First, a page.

Undocumented Workers: Implications for U.S. Policy in the Western Hemisphere : Hearings Before the Subcommittee on Inter-American Affairs of the Committee on International Relations, House of Representatives, Ninety-fifth Congress, Second Session ...
United States. Congress. House. Committee on International Relations. Subcommittee on Inter-American Affairs
U.S. Government Printing Office, 1978 - Alien labor - 473 pages
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activities agricultural American areas assistance Bank become border capital Caribbean cause Chicanos cities concern continue create deal dependency direct discussion domestic economic effect efforts employment enter estimates example existing export fact factors flow force foreign policy going Government groups growth Hemisphere illegal aliens illegal immigration impact implications important income increase indicate industries interests investment issue labor Latin limited living look major means ment Mexican Mexico migration million nature needs opportunities percent persons perspectives political population present problem production programs proposals question reasons recent region relations relatively residence response result rural sector situation social source countries statement structural subcommittee suggest tend Thank tion trade undocumented aliens undocumented workers United urban visa wage Western YATRON
Page 400 - All persons within the jurisdiction of the United States shall have the same right in every State and Territory to make and enforce contracts, to sue, be parties, give evidence, and to the full and equal benefit of all laws and proceedings for the security of persons and property as is enjoyed by white citizens, and shall be subject to like punishment, pains, penalties, taxes, licenses, and exactions of every kind, and to no other.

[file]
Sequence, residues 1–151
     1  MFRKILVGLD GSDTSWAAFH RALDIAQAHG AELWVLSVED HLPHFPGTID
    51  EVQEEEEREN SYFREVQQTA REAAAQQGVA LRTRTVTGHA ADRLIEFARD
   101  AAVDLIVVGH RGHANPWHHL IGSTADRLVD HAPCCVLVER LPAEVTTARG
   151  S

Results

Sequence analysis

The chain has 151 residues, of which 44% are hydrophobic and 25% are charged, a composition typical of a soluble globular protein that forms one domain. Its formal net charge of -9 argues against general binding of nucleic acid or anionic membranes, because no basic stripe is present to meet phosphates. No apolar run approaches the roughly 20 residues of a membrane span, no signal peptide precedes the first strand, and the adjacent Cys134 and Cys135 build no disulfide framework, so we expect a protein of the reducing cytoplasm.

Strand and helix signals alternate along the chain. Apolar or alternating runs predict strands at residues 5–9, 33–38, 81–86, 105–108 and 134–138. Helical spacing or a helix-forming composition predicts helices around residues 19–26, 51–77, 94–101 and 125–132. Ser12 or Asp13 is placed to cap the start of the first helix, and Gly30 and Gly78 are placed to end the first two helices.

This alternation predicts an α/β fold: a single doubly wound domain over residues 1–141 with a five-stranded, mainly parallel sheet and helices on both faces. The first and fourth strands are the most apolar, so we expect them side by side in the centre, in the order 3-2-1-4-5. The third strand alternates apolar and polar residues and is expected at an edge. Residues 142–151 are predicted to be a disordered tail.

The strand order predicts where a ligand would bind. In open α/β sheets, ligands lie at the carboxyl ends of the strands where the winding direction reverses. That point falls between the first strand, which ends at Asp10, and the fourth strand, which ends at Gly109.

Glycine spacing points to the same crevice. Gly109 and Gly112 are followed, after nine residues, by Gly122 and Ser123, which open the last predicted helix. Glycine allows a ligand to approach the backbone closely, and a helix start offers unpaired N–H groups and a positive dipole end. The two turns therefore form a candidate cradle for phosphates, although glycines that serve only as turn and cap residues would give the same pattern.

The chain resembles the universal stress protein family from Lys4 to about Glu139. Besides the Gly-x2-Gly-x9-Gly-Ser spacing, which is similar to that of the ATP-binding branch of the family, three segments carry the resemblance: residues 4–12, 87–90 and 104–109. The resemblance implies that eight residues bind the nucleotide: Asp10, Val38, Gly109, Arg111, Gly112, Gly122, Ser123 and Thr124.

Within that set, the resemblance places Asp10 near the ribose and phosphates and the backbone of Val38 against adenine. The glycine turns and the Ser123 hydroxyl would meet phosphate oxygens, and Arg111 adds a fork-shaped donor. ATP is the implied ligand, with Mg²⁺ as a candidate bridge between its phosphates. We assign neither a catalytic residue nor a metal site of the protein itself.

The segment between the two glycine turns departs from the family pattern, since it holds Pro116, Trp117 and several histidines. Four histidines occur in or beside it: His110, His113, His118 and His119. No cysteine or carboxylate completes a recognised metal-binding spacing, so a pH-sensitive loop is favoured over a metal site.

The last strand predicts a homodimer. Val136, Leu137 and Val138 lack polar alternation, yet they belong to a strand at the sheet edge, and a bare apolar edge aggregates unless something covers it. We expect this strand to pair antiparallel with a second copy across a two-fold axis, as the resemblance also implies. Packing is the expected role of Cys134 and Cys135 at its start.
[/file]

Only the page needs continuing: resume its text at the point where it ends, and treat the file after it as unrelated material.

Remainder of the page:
Page 400 - It shall be an unlawful employment practice for an employer (1) to fail or refuse to hire or to discharge any individual, or otherwise to discriminate against any individual with respect to his compensation, terms, conditions, or privileges of employment, because of such individual's race, color, religion, sex, or national origin...
Page 390 - Our discussion will be adequate If It has as much clearness as the subject-matter admits of, for precision is not to be sought for alike in all discussions, any more than In all the products of the crafts.
Page 393 - General shall have power without warrant — (1) to interrogate any alien or person believed to be an alien as to his right to be or to remain in the United States ; (2) to arrest any alien who in his presence or view is entering or attempting to enter the United States in violation of any law or regulation...
Page 390 - We must be content, then, in speaking of such subjects and with such premisses to indicate the truth roughly and in outline, and in speaking about things which are only for the most part true and with premisses of the same kind to reach conclusions that are no better.
Page 39 - And where it does occur, the process is likely to require many decades in most developing countries. During that time, rapid population growth slows development and widens the gap between rich and poor nations and between the rich and poor people within nations. Improvement of the agricultural sector is the key to economic development of most developing nations. Yet, it is in the agricultural areas of these nations that human fertility is usually highest. The result is either outmigration or more...
Page 395 - States; (3) within a reasonable distance from any external boundary of the United States, to board and search for aliens any vessel within the territorial waters of the United States...
Page 171 - Mr. Chairman, Members of the Subcommittee: I want to thank you for the opportunity to present testimony on behalf of S. 2838, "The Manpower Training Act (MTA)".
Page 398 - At the same time they voiced concern that the, "...process will then inescapably discriminate against citizens of Mexican ancestry and Mexican aliens lawfully in this country..." and expressed that, for law in this country to "...tolerate use of one's ancestry as probative of possible criminal conduct is repugnant under any circumstances.